Failed candidate Gillum launches ‘red flag’ plan to stop Trump, banking on 1m new Fla voters to make it happen


(Video screenshot)

Instead of defeating President Donald Trump the old-fashioned way by just running against him in 2020 like failed Texas senatorial candidate Beto O’Rourke, failed Florida gubernatorial candidate Andrew Gillum has mounted a massive drive to register as many new voters as possible.

How? By tapping into the network that his failed campaign built last year.

“I’m tapping into that network — what we built from the campaign, the enthusiasm, the volunteers, the infrastructure, the assets there — and trying to turn all of that energy and effort into registering and engaging one million voters in advance of the 2020 election,” he told the Miami Herald this week.

And the scandal-plagued former Tallahassee mayor has no qualms about whom he registers.

“We’re looking at a target of 1 million. We’ve got over 3 million people eligible to vote, and that’s to say nothing of the 1.4 million returning citizens,” he proudly said to Politico, referring to the convicted felons whose voting rights were restored at the start of the year thanks to an amendment to the Florida Constitution that was approved by voters during the 2018 midterms.

His newfound drive began with an event Wednesday evening at Florida Memorial University.

“Are y’all ready to flip Florida Blue? Or better, yet are you ready to flip the United States of America blue? … Don’t you think if we can put to a million new voters on the table, what that will mean for the future of the state of Florida in the country? Come on, come on ,we can win this thing!” he announced to a cheering crowd.

“Send Donald Trump a message that says your eviction notice is served and you are out of here. I can’t think of a bigger better state to send that message. We are uniquely situated to send that eviction notice,” he added later during the event.

“It requires that we get out there, and that we organize, and that we activate and that we produce a voter who is going to show up not just on Election Day, but the day after, they’re gonna be there to hold you accountable.”

Dovetailing back to Gillum’s network, it includes his political action committee, Forward Florida, and a 501(c)(3), Bring it Home Florida, Inc., formed in January by his supporters.

According to the Tallahassee Democrat, his PAC, which boasts $3.9 million assets, will fund his efforts, while Bring it Home Florida, Inc., which last week registered as a Florida Third-Party Voter Registration Organization, will operate the actual registration drive.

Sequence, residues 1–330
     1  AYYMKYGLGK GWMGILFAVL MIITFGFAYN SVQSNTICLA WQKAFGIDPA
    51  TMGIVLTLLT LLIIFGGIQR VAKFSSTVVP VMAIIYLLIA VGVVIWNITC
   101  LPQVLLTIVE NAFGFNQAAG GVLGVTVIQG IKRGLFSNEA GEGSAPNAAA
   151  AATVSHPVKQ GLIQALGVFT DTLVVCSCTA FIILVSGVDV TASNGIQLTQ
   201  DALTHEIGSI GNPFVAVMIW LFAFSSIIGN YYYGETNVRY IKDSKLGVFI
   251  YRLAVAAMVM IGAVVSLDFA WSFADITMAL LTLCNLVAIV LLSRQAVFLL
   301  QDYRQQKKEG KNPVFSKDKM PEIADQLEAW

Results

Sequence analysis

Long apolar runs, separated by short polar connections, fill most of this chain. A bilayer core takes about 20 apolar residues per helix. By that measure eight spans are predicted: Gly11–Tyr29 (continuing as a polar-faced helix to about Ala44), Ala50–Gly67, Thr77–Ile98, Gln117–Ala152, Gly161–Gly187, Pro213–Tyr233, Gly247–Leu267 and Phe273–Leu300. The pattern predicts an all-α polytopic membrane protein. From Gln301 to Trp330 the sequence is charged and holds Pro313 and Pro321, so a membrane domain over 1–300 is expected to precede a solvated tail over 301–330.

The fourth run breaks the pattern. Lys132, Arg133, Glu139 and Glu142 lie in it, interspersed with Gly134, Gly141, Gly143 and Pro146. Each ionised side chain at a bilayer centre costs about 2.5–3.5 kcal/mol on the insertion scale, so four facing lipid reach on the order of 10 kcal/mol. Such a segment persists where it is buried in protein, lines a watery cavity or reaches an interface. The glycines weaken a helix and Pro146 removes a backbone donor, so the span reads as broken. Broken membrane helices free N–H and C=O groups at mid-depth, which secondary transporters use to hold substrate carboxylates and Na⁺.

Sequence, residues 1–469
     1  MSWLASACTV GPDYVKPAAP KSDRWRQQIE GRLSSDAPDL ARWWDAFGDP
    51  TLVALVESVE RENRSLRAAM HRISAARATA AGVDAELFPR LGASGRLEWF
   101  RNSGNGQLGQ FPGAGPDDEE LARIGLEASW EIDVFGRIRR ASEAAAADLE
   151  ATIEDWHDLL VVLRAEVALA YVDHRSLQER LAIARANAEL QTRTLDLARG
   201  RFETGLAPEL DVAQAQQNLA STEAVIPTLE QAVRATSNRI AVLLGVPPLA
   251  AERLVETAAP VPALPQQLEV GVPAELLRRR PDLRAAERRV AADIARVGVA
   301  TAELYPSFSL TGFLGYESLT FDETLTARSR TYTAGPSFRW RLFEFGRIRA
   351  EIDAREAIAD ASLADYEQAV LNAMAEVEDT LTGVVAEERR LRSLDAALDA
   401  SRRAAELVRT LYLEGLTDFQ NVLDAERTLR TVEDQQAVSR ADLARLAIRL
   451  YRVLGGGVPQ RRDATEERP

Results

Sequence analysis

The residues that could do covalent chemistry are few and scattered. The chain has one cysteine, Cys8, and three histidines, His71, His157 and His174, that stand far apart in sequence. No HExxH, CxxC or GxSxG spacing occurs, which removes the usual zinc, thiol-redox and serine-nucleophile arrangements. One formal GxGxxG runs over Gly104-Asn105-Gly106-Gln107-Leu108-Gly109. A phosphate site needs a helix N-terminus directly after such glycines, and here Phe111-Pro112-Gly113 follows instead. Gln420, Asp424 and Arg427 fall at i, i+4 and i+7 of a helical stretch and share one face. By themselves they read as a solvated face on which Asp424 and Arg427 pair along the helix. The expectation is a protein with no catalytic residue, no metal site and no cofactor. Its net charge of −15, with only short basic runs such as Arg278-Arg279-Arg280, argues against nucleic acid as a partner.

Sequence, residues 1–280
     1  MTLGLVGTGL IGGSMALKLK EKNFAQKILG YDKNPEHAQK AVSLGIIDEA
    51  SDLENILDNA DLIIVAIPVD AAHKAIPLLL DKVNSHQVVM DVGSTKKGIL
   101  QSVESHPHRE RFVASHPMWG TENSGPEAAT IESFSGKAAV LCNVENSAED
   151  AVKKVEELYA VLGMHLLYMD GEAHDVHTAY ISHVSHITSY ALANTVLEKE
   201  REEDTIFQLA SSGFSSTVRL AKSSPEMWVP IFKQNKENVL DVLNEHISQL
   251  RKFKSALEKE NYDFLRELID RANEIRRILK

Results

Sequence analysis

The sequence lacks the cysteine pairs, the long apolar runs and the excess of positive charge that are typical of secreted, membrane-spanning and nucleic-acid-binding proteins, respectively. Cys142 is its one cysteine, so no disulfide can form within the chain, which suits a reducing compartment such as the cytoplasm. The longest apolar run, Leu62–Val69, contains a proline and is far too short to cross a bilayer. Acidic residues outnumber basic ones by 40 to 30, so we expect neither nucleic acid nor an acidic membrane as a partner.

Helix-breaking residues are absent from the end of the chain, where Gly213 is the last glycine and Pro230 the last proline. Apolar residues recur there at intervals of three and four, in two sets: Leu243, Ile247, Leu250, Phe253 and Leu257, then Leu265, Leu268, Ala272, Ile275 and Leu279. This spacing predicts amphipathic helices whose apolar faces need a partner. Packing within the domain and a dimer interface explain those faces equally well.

Local Republicans have responded to his drive by praising his efforts but questioning his motives.

“I think he’s found a new way to earn a living,” Joe Gruters, the chairman of the Republican Party of Florida and a state senator, said to Politico. “Listen, I encourage everyone to go register to vote. My guess is we will get Republican votes out of his efforts as well. But I think this is more about him finding a job.”

Prior to running to be Florida’s governor, Gillum spent 15 years working in Tallahassee first as a member of the city commission from 2003 to 2014, and then as the mayor from 2014 to 2018. His entire career has been mired in controversy because of corruption allegations.

A poll conducted in 2017 found that an 83 percent majority of Tallahassee residents were concerned about the corruption seen under his leadership. With numbers like that, he’s not apt to ever get a job in Tallahassee politics again, meaning he is effectively out of work.

What remains unclear is whether the former Tallahassee mayor is just using this newfound voter drive as a means to drum up attention and prepare for his bid for the presidency.

While he’s explicitly claimed he has no intention of running in 2020, he’s acted like a presidential contender. Just watch this ad he published at the start of the month:

At the time everybody assumed he’d be announcing his candidacy on the 20th.


What happened on the 20th? The voter drive event seen in the video up top.

Regarding the voter drive, there’s one little obstacle in its way. Florida’s GOP-led House committee reportedly approved a sensible measure this week that would require that convicted felons first pay off all their court fees and costs before their voting rights are restored.

Democrats responded with outrage, of course:

No, it’s not a poll tax; it’s personal responsibility. If you don’t want to do the time and pay the costs, then don’t do the crime and you won’t. It’s that simple.

And if you likewise don’t want to wind up an unemployed political operative with nothing better to do that register felons to vote, then simply abstain from partaking in corruption.

It’s not rocket science …



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